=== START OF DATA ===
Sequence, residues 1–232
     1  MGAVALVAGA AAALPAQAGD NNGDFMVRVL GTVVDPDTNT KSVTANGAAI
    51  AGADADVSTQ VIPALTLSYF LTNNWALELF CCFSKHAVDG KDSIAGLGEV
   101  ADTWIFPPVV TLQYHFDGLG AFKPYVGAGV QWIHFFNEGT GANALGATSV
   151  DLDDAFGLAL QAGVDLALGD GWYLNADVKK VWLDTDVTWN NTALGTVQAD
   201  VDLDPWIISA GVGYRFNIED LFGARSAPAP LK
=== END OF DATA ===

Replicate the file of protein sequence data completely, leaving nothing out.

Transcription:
Sequence, residues 1–232
     1  MGAVALVAGA AAALPAQAGD NNGDFMVRVL GTVVDPDTNT KSVTANGAAI
    51  AGADADVSTQ VIPALTLSYF LTNNWALELF CCFSKHAVDG KDSIAGLGEV
   101  ADTWIFPPVV TLQYHFDGLG AFKPYVGAGV QWIHFFNEGT GANALGATSV
   151  DLDDAFGLAL QAGVDLALGD GWYLNADVKK VWLDTDVTWN NTALGTVQAD
   201  VDLDPWIISA GVGYRFNIED LFGARSAPAP LK